Autism has meant that Christmas as parents has been nothing like what we expected it to be.

Christmas can be a difficult time for anyone with autism. The change in routine, the sensory overload of the presents and the tree, and the increase in social occasions are but a few reasons.

This will be our 10th Christmas as parents, and throughout December we feel surrounded by the Christmases that we’ve never had.

Instead of being our favourite time of year that we can’t wait for, we find ourselves having to battle against feelings of sadness, anger and jealousy.

Jealous of the Christmases that friends and family all seem to be enjoying with their children.

Sad about the fun and excitement that our boys are missing out on.

Angry at the world that this is what our Christmas is like.

December feels like a month full of events and traditions that we are unable to take part in as a family.

Ben and Finlay have no comprehension of what Christmas is, for them December is just another month of the year, and the 25th is just another day.

There’s no making a list for Santa, telling him what presents you would like. No concept of whether you’ve been naughty or nice.

There’s no trip to see Santa in his grotto. A queue full of other kids to get a present that they have no interest in is not their idea of fun.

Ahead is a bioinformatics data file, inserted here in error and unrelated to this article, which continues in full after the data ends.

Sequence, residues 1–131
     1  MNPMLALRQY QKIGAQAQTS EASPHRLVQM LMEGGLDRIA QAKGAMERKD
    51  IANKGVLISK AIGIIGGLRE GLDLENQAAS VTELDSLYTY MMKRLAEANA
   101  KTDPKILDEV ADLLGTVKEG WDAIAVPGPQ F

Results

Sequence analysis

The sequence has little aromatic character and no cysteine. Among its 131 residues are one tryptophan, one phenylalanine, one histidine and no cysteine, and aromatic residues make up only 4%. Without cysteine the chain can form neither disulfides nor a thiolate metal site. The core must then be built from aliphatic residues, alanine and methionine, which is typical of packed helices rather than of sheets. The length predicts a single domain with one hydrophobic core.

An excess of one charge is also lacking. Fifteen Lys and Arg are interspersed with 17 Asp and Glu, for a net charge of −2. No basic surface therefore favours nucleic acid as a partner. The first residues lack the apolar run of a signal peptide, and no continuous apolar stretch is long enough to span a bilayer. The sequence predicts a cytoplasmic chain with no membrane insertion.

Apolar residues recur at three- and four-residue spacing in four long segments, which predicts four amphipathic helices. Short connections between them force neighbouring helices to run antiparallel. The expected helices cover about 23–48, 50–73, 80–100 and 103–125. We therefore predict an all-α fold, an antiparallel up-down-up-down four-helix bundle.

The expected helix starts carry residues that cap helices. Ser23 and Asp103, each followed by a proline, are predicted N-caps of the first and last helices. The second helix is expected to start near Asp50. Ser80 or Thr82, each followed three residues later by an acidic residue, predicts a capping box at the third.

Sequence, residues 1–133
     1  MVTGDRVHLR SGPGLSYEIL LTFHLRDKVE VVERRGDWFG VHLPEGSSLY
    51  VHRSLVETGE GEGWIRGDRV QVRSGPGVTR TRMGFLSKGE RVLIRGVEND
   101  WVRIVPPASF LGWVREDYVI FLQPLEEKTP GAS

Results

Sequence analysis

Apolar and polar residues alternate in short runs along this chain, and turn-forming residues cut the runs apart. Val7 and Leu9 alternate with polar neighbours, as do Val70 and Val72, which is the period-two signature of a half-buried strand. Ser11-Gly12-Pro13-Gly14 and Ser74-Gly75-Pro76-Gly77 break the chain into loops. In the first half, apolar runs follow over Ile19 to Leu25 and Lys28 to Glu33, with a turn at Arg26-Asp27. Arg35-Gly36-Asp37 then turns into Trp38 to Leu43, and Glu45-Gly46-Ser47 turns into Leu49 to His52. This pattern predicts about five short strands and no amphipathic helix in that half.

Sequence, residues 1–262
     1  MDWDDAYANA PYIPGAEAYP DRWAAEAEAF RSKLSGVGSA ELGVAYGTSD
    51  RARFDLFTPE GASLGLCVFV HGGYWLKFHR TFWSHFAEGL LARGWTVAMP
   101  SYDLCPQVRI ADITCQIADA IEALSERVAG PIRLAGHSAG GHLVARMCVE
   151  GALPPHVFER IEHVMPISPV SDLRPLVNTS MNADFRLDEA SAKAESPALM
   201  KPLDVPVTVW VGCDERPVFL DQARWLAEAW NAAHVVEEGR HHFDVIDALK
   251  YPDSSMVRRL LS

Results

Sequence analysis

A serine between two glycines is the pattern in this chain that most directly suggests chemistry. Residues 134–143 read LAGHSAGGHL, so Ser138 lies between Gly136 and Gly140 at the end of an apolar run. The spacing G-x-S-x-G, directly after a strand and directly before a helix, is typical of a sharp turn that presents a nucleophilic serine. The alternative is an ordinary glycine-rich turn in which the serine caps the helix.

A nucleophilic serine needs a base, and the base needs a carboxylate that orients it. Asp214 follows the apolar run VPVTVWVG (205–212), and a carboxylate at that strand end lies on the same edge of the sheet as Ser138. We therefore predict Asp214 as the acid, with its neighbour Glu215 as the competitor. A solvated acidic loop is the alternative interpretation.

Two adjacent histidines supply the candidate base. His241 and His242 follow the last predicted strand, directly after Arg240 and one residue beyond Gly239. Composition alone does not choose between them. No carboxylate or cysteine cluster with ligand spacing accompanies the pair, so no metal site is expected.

There’s no going Christmas shopping and seeing all the lights. The crowds and sensory overload that would bring rules that out.

There’s no fun day decorating the house and putting up the Christmas tree together. Every year we do it knowing that each ornament has to be non-breakable in case they are thrown or bounced. 

There’s no visiting family, or having large get-togethers. Ben and Finlay are comfortable in very few places, so going to see cousins, and friends with their children is a no-no. Plus their carefully decorated house can be completely undone within a matter of minutes.

There’s no Christmas movies. We can’t believe we don’t get to watch Christmas films! We love them and couldn’t wait to sit down and introduce our boys to all of our old favourites, Santa Claus the movie, A Christmas Carol, Elf, the list goes on. Instead, the only Christmas programme we get to enjoy have to involve Tigger and Pooh, Imagination Movers or Special Agent Oso (for the 9,000th time) If they’re not in it, they’re not interested.